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Crochet Hooks & Brand Loyalty

I ought to know better by now.  No matter how (relatively) minor– or even trivial– a subject may appear from the outside, if you look close enough, you will find people passionately invested in it.  (g)  Today’s examples are crochet hooks and brand loyalty.

I use Boye hooks (though I do have a few acrylic hooks in large sizes that I think are Susan Bates).  After I bought my first set of three hooks, I stuck with Boye just because I already had a few, and it made sense to continue collecting the same line to complete my set– but I don’t remember why I chose Boye to begin with.  Probably, they were just available and affordable.  (Especially important for someone starting out in a new craft, not sure she’ll stick with it and loath to invest much in tools and materials.)

I’ve been aware for quite some time that there are other brands of hooks and that each brand has its supporters and detractors, but it wasn’t until today that I read much about crochet hooks.  Apparently, crocheters can have very strong opinions about hooks, and they may be irate when a manufacturer changes its hook design.  (Brings back memories of the uproar that resulted every time a polymer clay manufacturer changed its formula or discontinued a few colors.) 

Today, I’ve read about “in-line” versus “a-line”/”not in-line” hooks– and learned that Boye hooks are not in-line, while Susan Bates hooks are.  Coats & Clark (the makers of the Bates hooks) claims that in-line hooks require less wrist movement and are therefore superior.  Oh, and they make your gauge more even, too, evidently.  (On the other hand, Boye touts their rounded heads and “exclusive Boye Tapered Throats”– which are “optimally smooth”.)

Eventually, I start wondering– questioning my almost exclusive use of Boye hooks.   Maybe I’d prefer Susan Bates aluminum hooks, if I tried them… I certainly don’t want to ruin my wrists (even faster) by using inferior hooks that require excessive wrist movements.  Hm…

–And then the next thing I read is to the effect that C & C changed the design of (most of) their Susan Bates hooks just last year.  (g)  So now the new (readily available) Bates hooks are closer in design to the Boye hooks (though they did keep the distinctive in-line shape).

Elsewhere on the vast Internet, someone complains that Boye is now churning out hooks inferior in finish to their earlier product.  (I’m not clear on the specifics of the changes or when they took effect, but it seems to be four years or so ago, at least.)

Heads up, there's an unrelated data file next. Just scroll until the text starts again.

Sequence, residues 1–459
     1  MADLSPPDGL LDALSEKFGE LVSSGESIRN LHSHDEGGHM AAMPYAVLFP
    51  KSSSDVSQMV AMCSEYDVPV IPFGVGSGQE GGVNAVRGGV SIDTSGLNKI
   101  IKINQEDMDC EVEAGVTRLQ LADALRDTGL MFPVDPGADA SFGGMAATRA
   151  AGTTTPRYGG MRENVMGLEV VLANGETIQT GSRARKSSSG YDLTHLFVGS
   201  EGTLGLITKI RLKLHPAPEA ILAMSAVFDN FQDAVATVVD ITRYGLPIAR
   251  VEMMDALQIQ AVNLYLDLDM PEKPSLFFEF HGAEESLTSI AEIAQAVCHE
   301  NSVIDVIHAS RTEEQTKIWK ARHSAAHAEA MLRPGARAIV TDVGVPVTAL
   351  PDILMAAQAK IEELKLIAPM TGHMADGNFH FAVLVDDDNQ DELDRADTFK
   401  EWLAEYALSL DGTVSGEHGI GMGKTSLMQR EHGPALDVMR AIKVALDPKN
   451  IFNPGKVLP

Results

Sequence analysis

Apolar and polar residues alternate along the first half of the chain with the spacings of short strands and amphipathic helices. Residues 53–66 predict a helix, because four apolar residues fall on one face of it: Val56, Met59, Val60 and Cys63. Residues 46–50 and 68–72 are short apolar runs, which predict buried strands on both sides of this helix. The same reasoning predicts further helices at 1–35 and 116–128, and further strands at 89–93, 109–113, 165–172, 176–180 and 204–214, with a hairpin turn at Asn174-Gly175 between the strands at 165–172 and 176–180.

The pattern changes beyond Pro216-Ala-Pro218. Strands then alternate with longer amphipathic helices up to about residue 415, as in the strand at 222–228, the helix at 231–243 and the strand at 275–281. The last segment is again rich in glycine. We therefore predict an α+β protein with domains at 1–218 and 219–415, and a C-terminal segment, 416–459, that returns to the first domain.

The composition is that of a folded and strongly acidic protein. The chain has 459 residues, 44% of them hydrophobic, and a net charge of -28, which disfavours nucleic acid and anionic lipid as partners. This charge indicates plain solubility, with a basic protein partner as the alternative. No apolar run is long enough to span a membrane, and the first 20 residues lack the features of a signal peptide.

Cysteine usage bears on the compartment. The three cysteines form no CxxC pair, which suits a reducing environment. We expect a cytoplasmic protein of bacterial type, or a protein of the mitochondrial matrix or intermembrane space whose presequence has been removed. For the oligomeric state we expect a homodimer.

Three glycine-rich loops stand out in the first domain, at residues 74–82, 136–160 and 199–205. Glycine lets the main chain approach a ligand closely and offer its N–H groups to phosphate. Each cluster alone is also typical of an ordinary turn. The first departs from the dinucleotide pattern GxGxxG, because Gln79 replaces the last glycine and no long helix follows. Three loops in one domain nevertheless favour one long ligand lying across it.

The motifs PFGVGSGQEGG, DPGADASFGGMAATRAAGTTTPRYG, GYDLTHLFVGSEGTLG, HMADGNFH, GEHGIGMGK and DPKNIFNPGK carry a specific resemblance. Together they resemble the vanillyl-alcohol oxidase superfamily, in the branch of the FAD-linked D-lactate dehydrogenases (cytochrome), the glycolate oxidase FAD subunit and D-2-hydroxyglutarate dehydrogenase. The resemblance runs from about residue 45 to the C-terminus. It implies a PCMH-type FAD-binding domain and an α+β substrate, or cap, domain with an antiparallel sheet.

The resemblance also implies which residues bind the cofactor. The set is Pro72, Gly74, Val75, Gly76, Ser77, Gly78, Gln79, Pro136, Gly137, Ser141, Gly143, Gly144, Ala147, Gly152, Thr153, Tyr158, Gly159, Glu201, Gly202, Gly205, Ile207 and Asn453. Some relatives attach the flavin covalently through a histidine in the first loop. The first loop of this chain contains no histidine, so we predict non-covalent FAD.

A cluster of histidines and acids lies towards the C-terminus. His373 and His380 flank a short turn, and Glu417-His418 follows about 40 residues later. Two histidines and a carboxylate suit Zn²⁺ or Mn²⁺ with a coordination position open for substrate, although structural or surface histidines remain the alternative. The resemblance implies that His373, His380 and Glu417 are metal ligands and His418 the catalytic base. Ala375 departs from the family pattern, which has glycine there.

So… whether you use Boye or Bates, you can’t find a decent new hook, then?  Time to try one of the several other brands out there, I guess– or scour yard sales and on-line auctioning sites for second-hand hooks made back in the good old days.  

It’s so terribly confusing.  ;o)  Well, maybe not really, but I can see how it might be overwhelming to someone looking for the perfect hook, since there is no such thing– or at least no hook that is all things to all crocheters.

It’s funny, though, how once you read a suggestion that the hooks you’re using aren’t as good for wrists, you’re suddenly more sensitive to your crocheting hand’s every movement.  (g)  *Carefully, stealthily sneaking glances at my right hand as I crochet…*  “Wait, was that an excessive wrist movement?  Oh my gosh, I think it might have been!  My wrists!  My carpal tunnel!  Nooo!  I need you!  Don’t you give out on me, darnit!”  (Ok, self, calm down.  There are people who crochet all their lives, well into old age.  You and your wrists will be fine.)

…Anyway, I think I will try out a Susan Bates hook (aluminum, in a size I actually use), sometime, just to see/feel the difference– though if I can find one in the old, more pointed style, that’s the kind I’d rather get.  (Sometimes I really have to work to get the hook into a tight spot, and the pointed head seems better for that, though I’ve seen both Boye crocheters and Bates crocheters cite “tight gauge” as a key reason for their brand preference!)

Enough blathering about hooks for one day…  Unless I get out the camera.  Then I might be back with a photo or two and… more hook talk. 


I’m Michael (a female Michael, to remove any doubt).  I live on the Alabama Gulf Coast with my husband, Donald, and our crazy American Eskimo Dogs. 

I love to fill my spare time with various crafts and other hobbies, and this blog is where I share photos, record my progress, and ramble endlessly.

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